Monday, June 20, 2022

Old Bestseller Review: The Happy Harvest, by Jeffery Farnol

Old Bestseller Review: The Happy Harvest, by Jeffery Farnol

by Rich Horton

Very early in my "Old Bestseller" project I reviewed Jeffery Farnol's Guyfford of Weare. It's an enjoyable novel, and so are the two that made Farnol's reputation, The Broad Highway and The Amateur Gentleman. Over time I've picked up a couple further Farnol novels, and I've just read a later one, from 1939, The Happy Harvest. Sad to say, it doesn't really work as well as those other novels.

John Jeffery Farnol (1878-1952) was born in England to a metal worker, and trained as an artist. He married an American girl in 1900 and they lived in the US for a while. Farnol worked as a scene painter at first, then turned to writing. His first novel appeared in 1907, and his first big success was The Broad Highway in 1910. He moved back to England around this time. He was a very popular writer (and indeed The Broad Highway was the bestselling book in the US in 1910), best known for romances, often set during the Regency (though some novels were contemporary and some set in other historical periods.) Farnol was a significant influence on the supreme writer of Regency romances, Georgette Heyer, who was a generation younger. 

The Happy Harvest fits into two separate sequences of novels. It is the middle book in a loose trilogy, with The Crooked Furrow (1937) and his last finished novel, Waif of the River (1952). (One more novel was substantially written by his wife from his notes following his death.) It is also one of a number of novels featuring the character Jasper Shrig, a Bow Street Runner who solves murder mysteries in many of these books. 

The events of The Happy Harvest take place about a decade after The Crooked Furrow. That book concerns two cousins, Roland Verinder and Oliver Dale. Their uncle proposes that they each live on their own means for a year to prove their worth, and they fall in love with the same girl, and have adventures, and Oliver ends up rescuing two young children from a life in the streets, while Roland wins the girl. As The Happy Harvest opens, Oliver, in his late 30s by now, is looking forward to the two children he rescued, Clia and Robin, who are now about 20, marrying each other. Clia, however, has other ideas. She has long planned to marry Oliver (shades of Heinlein's The Door Into Summer.) For that matter Robin, if basically a good sort, is rather rackety and undisciplined.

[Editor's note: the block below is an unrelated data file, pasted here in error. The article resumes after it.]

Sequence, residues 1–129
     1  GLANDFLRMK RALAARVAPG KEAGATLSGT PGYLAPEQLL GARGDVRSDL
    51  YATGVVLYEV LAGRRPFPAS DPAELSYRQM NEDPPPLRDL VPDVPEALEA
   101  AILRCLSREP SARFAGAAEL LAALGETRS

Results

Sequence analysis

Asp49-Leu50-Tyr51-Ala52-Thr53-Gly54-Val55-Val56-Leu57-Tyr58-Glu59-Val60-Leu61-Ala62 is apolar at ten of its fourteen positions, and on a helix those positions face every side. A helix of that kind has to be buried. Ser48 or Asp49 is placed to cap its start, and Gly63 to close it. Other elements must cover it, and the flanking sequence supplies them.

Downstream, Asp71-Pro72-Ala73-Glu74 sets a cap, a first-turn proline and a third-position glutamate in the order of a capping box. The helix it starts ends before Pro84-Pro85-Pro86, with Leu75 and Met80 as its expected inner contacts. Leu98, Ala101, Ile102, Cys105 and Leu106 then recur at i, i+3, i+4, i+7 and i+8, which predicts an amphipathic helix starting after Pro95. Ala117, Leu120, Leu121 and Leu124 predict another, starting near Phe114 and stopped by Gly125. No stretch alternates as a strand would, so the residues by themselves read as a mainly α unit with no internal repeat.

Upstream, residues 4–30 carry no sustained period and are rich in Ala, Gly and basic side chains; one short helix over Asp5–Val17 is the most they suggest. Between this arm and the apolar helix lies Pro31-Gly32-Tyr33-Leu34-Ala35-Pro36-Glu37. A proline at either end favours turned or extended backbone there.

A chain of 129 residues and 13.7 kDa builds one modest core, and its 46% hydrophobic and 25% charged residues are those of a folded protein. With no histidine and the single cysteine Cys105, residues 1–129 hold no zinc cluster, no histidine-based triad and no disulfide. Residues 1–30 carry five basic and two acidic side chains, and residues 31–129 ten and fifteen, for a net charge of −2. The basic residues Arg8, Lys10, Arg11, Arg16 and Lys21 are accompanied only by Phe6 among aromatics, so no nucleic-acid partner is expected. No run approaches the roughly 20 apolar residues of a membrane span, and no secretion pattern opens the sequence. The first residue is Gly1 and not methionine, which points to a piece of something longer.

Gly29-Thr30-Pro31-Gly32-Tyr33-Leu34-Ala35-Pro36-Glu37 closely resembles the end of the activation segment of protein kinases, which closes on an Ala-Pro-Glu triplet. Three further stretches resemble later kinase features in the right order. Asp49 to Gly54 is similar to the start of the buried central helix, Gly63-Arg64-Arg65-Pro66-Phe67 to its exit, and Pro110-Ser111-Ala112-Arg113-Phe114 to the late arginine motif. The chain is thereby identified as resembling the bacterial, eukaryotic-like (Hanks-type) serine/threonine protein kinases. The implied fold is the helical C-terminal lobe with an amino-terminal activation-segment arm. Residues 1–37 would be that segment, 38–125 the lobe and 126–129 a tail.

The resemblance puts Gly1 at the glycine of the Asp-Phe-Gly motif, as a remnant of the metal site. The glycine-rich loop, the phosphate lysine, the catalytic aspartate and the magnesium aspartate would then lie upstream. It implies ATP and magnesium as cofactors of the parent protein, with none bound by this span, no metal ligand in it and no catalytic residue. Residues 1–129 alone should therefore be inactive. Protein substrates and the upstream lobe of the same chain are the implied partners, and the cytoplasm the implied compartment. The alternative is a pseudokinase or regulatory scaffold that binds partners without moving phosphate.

Complications ensue when a particularly nasty local man turns up murdered. This man had gotten another girl pregnant and abandoned her, leading to her suicide. He tried to rape Clia, though she escaped. Soon after he is found dead, and Robin is immediately the chief suspect. He escapes to London, and to Oliver's Aunt Rosamund, who runs a home with the object of helping the poor. Oliver, after some waffling, realizes that Robin must be innocent, and he asks his old friend Jasper Shrig to investigate. Meanwhile, Clia, already rattled by the realization that she wanted her potential rapist killed, is devastated to learn from a blackmailer that her father was also a murderer and her mother a suicide. 

There's not a ton of suspense, really. We know from the beginning that Oliver truly loves Clia and will submit to her desire that he marry her; and that Jasper Shrig will learn that she is not actually the daughter of a murderer; and that Jasper will also learn who really killed the bad guy. The solution to the latter mystery is pretty guessable. And to be honest I was really bothered by the book's tacit endorsement of Clia's belief that if her father (whom she never knew) was a murderer, so she must be as well. (To be fair, Aunt Rosamund opposes this belief, but no one else seems to.) Oliver and Clia are enjoyable characters I suppose, but not as interesting as say Sir Richard and Helen D'Arcy in Guyfford of Weare. And Robin, as well as cousin Roland, are rather tiresome and implausible. In his best books, Farnol's dialogue is pretty sparkling, but that's not really true here. Finally, the structure of the novel is partly built on a conceit -- that Oliver is writing it as the events unfold. This doesn't really hurt the novel too much, but it does seem strained. 

So, this seems a minor part of Farnol's oeuvre. It's not terrible, but it's far from great. I'll still likely try a few more of his books, though. 

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